Rear Struts On 1990 Honda Accord: Not So Fast

One bolt and two nuts per side are all that’s between you and a smoother ride. How complicated of a job could it be? A little too complicated, it turns out, at least if your car has ever lived in an area subject to underbody rust. A seized bolt in the lower bushing can ruin your Saturday. Here are the steps to successfully complete this job.

1. Soak the lower bushing in penetrating oil overnight before beginning.

The lower bushing protrudes slightly in a way that it’s possible to get a shallow reservoir of liquid around it.

2. Use an impact wrench to remove the bolt.

Rock the impact back and forth. The bushing’s metal inner sleeve is quite thick, so you can try to use vise-grips on it to prevent it from turning as you hit it with the impact. Remember that you are trying to remove the bolt without tearing the bushing’s rubber free, though this may be impossible. If one side of the strut’s U-frame starts to bend outward as the bolt turns, the bushing has torn loose and must be replaced (the strut frame is being pushed out by the turning, but stuck, bolt.

If you extracted the bolt and the bushing did not break, congratulations! Install your new strut and forget about reading the rest of this.

If the bushing inner sleeve did break loose of the rubber, just stop for now since you can still drive the car in this condition. Go order a new bushing and bolt from a Honda dealer. The bushing part number is (52622-SM4-003) and the bolt is (90021-SM4-003).

3. If the bushing is broken, extract it. This can be done entirely without removing the rear lower control arm from the car.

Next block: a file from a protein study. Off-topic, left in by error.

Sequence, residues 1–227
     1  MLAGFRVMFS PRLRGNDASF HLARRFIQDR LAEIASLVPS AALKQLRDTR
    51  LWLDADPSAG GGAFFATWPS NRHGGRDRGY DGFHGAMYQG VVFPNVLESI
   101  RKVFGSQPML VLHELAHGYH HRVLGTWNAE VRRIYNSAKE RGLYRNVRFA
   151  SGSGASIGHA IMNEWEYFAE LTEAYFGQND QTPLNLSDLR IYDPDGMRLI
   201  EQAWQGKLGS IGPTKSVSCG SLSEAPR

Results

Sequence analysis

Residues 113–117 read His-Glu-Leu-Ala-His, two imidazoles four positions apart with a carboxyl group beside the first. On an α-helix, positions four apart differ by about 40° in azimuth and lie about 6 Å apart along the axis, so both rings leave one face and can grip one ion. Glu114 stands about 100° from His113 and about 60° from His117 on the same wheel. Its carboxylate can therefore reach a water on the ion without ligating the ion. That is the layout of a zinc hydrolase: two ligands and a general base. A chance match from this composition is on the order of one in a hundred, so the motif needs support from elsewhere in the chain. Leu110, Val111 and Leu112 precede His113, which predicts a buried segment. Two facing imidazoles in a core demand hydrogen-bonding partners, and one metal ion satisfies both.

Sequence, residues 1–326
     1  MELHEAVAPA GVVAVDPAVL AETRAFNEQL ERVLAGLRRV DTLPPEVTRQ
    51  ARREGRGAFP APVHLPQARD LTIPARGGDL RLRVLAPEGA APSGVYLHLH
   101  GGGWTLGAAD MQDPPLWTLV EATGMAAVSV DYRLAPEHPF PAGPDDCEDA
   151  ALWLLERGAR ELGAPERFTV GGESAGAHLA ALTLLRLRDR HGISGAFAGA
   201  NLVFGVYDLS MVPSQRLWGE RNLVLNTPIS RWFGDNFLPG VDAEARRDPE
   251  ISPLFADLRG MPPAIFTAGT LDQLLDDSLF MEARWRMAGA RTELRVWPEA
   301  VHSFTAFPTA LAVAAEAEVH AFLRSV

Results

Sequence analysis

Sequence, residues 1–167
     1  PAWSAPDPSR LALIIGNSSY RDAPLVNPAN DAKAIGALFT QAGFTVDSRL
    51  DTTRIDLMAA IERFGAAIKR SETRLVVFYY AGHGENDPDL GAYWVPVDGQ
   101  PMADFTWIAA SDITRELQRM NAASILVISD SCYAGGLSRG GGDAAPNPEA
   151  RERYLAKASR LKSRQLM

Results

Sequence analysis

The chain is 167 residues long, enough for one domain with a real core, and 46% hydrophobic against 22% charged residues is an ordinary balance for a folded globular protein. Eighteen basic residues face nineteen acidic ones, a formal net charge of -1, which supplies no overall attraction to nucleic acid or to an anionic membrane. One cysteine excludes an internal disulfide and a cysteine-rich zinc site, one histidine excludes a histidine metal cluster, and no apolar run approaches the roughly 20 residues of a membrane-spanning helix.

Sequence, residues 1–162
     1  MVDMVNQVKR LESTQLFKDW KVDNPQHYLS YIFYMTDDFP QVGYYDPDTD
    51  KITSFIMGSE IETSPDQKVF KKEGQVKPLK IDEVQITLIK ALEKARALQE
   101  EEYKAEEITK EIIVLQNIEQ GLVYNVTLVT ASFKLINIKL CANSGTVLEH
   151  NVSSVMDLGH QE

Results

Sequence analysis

• Cut off the bushing bolt on both sides of the bushing using a small angle grinder, or hacksaw. It will come out in 3 pieces.
  • Remove two nuts at the top of the strut and remove the strut.
  • Use a low profile hacksaw or a small metal sawzall on the inside of the remaining part of the bushing mounted in its seat the control arm. Cut a slice out of the bushing outer sleeve, which should be relatively easy since it’s made of soft metal. Don’t cut too deeply into the control arm, but cut completely through the bushing.
  • Use a screwdriver and hammer to pound the now-separated bushing sleeve so that it curls up and away from its seat, and remove it.
  • Use a dremel tool with a stone bit, and then 60-80 grit sandpaper to clean up the bushing seat. Remove all rust as well as any protruding deformations caused by the removal process.

4. Install a new bushing. This can be done entirely without removing the rear lower control arm from the car.

The bushing and bolt can be purchased from a Honda dealer. The bushing part number is (52622-SM4-003) and the bolt is (90021-SM4-003).

  • Freeze the new bushing for a few hours. This will shrink it and make it easier to install.
  • Apply grease to the bushing seat in the control arm. I used a synthetic brake caliper grease.
  • Use a 5 inch clamp and a 1 1/8″ socket to press in the bushing. If the bushing begins to go in unevenly, just move the socket relative to the bushing to apply force on a different part. It should straighten itself out. If it doesn’t, pop it out with a hammer from the other side and try again.
  • The clamp should be able to press the bushing in using hand force. Eventually, once 2/3 or more of the bushing is pressed in, the bushing inner sleeve will bottom out against the other end of the clamp. So at this point position something hollow on the other end between the clamp and control arm like a shallow socket or some big washers so that the bushing inner sleeve has room to travel to its final position (protruding somewhat).

5. Install the new strut.

Be sure to use anti-seize compound on the lower bolt and torque it to 40 ft-lb.

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